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Set Visit: JoBlo Visits Ridley Scott's The Martian


I’d never been to Budapest. In fact, I knew very little about the capitol of Hungary. And when I learned that I would be spending the weekend in this historic city to visit the set of a major motion picture, my bags were already packed. This past December, while we were allowed to say we were heading out abroad, the details were to remain secret. This trip involved a very long plane ride into Frankfurt, Germany with a connecting flight to Budapest - one that I almost missed thanks to a delay from LAX. But believe me, once I arrived I was thrilled to be there.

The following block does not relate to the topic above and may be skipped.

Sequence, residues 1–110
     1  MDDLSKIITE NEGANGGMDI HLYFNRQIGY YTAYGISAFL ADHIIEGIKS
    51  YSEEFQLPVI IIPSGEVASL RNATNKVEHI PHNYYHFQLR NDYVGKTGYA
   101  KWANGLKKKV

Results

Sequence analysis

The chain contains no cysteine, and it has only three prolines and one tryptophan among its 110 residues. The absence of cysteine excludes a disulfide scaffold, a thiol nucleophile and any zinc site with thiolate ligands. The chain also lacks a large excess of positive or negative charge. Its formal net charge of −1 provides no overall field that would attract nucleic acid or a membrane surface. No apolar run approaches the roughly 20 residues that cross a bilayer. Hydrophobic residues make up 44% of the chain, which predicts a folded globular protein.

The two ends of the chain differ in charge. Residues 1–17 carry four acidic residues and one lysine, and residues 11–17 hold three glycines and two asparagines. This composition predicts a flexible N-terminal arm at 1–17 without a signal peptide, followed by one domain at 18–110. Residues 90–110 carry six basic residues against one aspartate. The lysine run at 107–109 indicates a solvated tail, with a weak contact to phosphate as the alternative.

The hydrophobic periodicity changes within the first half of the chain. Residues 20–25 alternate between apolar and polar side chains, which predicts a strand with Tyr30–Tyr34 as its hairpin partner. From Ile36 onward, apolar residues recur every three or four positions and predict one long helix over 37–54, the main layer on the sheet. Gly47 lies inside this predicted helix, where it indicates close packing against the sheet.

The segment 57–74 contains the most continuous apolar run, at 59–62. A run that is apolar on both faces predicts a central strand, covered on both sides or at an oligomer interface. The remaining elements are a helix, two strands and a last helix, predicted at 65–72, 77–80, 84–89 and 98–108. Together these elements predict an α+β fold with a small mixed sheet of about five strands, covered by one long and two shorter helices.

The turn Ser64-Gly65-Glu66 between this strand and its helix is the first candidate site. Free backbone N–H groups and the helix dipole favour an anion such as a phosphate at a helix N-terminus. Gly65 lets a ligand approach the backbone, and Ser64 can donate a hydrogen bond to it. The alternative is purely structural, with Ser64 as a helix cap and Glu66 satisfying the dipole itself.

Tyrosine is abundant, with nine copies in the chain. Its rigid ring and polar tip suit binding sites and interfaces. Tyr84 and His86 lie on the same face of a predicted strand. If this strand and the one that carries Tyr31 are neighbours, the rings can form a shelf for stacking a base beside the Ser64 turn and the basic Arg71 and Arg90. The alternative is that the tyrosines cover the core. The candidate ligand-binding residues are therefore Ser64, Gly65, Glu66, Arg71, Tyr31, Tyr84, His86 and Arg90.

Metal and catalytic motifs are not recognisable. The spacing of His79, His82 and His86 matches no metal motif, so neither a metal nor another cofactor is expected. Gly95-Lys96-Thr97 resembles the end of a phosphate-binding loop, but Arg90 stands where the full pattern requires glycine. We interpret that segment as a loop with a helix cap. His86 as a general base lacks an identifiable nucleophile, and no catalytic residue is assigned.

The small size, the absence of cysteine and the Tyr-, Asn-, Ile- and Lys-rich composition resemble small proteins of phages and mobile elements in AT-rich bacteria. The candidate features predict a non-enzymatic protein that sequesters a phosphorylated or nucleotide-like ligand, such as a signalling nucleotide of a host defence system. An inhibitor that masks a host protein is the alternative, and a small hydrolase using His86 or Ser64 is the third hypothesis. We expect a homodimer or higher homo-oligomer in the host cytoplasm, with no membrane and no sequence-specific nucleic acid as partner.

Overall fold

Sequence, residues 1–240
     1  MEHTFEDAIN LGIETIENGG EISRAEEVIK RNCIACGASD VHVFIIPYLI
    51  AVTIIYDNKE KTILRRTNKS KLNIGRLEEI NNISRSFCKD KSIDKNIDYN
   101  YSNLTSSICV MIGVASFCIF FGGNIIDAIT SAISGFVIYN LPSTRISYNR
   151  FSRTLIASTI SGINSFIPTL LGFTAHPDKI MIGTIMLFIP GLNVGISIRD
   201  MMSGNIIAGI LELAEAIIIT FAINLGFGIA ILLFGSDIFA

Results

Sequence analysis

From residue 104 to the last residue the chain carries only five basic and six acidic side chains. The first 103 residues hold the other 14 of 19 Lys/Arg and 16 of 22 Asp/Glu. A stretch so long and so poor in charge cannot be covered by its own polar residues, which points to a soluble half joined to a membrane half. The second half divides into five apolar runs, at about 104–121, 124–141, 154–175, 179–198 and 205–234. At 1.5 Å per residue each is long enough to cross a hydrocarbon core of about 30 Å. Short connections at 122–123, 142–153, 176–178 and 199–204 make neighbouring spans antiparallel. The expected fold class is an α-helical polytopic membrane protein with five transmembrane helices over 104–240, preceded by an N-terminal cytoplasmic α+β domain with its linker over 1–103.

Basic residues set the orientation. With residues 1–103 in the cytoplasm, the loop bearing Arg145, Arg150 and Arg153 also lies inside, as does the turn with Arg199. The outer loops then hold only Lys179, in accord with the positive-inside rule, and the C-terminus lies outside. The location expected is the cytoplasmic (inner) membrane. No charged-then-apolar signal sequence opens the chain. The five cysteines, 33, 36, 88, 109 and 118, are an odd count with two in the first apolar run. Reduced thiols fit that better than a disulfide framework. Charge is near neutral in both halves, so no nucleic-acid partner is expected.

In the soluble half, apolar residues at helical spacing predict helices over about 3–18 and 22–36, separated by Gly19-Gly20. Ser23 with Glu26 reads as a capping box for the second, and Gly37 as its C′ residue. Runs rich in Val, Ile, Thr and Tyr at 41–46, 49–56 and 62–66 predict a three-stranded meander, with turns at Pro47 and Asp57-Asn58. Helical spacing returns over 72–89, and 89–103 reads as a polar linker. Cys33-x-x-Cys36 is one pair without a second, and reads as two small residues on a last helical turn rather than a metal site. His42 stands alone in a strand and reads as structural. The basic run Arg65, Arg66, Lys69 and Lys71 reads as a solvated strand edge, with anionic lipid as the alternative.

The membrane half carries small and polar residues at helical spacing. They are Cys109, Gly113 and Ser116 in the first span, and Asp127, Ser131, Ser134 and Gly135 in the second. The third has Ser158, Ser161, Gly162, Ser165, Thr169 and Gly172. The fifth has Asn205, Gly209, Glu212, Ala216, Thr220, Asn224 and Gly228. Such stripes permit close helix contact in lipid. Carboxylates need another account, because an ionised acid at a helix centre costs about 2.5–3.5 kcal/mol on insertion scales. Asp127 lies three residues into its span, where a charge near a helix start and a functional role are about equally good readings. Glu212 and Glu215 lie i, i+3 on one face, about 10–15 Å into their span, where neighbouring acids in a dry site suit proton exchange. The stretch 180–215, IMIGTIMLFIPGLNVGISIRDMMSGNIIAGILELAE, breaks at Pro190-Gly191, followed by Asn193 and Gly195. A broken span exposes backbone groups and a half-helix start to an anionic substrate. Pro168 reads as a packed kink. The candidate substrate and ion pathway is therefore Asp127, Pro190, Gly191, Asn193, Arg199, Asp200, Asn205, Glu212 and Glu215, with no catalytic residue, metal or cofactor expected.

With that long of a flight and the loss of a day, I was completely exhausted once I arrived in Budapest. However, I spent a little time walking the streets and enjoying the sights. It is an incredible place, one built on history and utterly impressive architecture. It was strange to think that I’d be heading into outer space the very next day - well not space really, but the sound stages over at Korda Studios. It was the very next morning when I was ready to make my way along with a group of other journalists to the set of Ridley Scott’s latest, THE MARTIAN.

Based on a novel by Andy Weir, THE MARTIAN tells the story of Astronaut Mark Watney (played by Matt Damon) who is separated from his crew during a massive storm on a manned mission to Mars. After the realization that he has been unintentionally abandoned by the others, Watney must find a way to contact Earth with very little hope. In addition, he must use his knowledge and skills to survive on meager supplies and what little has been left behind. Poor Matt seems to be constantly left on his own in outer space with this and INTERSTELLAR.